Monday, January 02, 2006

Copies and the Imagined Community

Natalie Bennett, visiting the Victoria and Albert Museum, reflects on the use of copies as a means of accumulating art treasures in one place and preserving them:
Today of course, we are hung up about originality, and some would dismiss mere copies as having very little value indeed. But this is a modern luxury - an effect of extensive cheap printing of colour plates, and air travel and our consequent ability to visit originals in situ. These were luxuries not available in the 1860s when Henry Cole, the museum’s first director, dragooned the crowned heads of Europe into signing an international convention for the exchange of casts. And who knows if these luxuries will continue to be available.

As much as originality is prized, cultural awareness cannot be spread without reproduction, and museums' mandates often extend far beyond being houses of great works of art.

Coincidentally, the problem of copies cropped up in my dissertation as I wrote about the creation of the Rhenish Museum in the 1920s and 30s. Konrad Adenauer, trying to put his stamp on regional politics and culture, proposed founding a museum in Cologne that would represent the entire Rhineland.

Numerous problems delayed the project: location, the competencies, the type of museum it would be. By the time it opened in 1936, the House of the Rhenish Heimat, as it was renamed, was substantially less than what Adenauer originally envisioned.

The most difficult practicality that the planning commission faced was how the materials would be assembled. Adenauer wanted the Rhenish museum to present 'the gesamt Bild'--the complete image--of the region. It was his catchword for promoting the museum:
The gesamt Bild should appear before the eyes of the visitor ... as a representation of the complete culture of the Rhineland, built on scientific foundations, composed for the layman.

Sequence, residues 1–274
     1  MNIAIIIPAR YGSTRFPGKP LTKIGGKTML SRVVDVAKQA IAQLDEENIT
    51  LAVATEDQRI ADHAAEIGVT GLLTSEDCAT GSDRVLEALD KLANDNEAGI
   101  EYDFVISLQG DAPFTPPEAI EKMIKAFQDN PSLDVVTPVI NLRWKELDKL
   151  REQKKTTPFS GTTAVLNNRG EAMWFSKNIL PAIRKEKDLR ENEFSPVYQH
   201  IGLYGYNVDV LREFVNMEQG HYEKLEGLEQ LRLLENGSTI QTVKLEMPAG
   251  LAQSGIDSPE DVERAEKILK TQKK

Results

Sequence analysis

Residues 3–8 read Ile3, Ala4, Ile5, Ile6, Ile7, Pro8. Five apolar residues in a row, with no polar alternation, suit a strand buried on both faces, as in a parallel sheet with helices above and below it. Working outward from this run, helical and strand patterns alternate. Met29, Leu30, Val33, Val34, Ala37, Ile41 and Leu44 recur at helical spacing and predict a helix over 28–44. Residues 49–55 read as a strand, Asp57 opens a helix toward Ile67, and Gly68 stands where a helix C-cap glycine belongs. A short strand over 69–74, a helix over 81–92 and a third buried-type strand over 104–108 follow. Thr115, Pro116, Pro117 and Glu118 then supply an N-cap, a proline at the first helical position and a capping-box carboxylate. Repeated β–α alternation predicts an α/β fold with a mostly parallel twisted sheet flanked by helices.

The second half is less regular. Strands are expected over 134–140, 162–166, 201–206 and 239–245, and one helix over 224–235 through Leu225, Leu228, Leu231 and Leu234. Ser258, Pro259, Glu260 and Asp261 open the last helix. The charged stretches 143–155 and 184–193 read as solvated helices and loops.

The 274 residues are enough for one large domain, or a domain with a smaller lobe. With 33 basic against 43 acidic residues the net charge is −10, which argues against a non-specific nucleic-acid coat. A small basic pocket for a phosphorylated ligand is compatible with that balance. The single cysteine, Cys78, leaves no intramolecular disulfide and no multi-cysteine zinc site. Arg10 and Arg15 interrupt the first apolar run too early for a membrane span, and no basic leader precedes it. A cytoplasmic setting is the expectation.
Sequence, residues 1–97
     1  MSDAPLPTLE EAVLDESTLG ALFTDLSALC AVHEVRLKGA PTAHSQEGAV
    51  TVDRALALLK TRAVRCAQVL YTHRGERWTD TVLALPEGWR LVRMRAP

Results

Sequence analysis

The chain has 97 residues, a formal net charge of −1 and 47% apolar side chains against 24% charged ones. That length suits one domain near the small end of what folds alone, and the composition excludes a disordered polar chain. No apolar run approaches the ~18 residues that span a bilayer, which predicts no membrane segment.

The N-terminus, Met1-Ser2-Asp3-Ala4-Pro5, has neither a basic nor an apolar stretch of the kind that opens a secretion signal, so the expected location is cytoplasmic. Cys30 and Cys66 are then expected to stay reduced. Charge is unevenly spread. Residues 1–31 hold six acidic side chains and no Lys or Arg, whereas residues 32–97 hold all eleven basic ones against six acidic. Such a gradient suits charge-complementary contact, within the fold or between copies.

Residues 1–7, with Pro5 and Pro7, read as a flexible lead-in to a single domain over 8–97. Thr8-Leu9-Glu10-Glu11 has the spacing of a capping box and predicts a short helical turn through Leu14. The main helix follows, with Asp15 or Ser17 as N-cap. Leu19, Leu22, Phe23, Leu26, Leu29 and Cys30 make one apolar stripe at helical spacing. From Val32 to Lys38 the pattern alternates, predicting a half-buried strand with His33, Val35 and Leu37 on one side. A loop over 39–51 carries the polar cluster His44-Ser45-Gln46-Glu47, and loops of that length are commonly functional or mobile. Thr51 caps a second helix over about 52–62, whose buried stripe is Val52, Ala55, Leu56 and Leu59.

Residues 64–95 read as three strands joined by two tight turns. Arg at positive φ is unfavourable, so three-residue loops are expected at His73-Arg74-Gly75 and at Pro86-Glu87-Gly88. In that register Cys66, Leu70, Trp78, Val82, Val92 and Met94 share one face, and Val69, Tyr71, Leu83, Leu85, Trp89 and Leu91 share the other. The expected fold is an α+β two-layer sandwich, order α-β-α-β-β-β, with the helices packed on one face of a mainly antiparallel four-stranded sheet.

Installations would run the gamut of historical eras, milieus, occupations and diversions. Nothing would be left out, and a casual visitor would be able to locate his hometown within the museum.

The problem: how to assemble such diversity of sources, from fine art, patrimony, everyday items, maps, graphs ... . Architecture was the most important element for representing the Middle Ages, which was seen as the most formative era in Rhenish history. Clearly whole buildings could not be moved. Furthermore, many essential pieces belonged either to private citizens or the Catholic Church. No one wanted to fight to obtain them.

[Click here to read more]

To magnify the problem, Adenauer wanted the Rhenish Museum to be the premiere research institution for western Germany. It would be a repository of images and data for scholars and, most importantly, those involved in preservation. It was felt that preservation could not occur unless patrimony was studied in its regional context.

To overcome this deficiency, plans were made to hire artists to travel the entire Rhine Province to paint copies, take photographs, make castings. Rather than being a modest institution, the museum would display a wealth of images. Rhenish history was complex, and its museum should be just as complex. (Some felt this was unrealistic and didactic.)

Ultimately photographs became more important for the museum. After Adenauer was forced out of politics, the remaining members of the museum commission changed how they appealed to the Nazi regime for funds. It would help to preserve popular (voelkisch) culture by acting as a repository of photographs of daily life, settlement structures, rituals, etc. Casting of Gothic architecture were no longer important.


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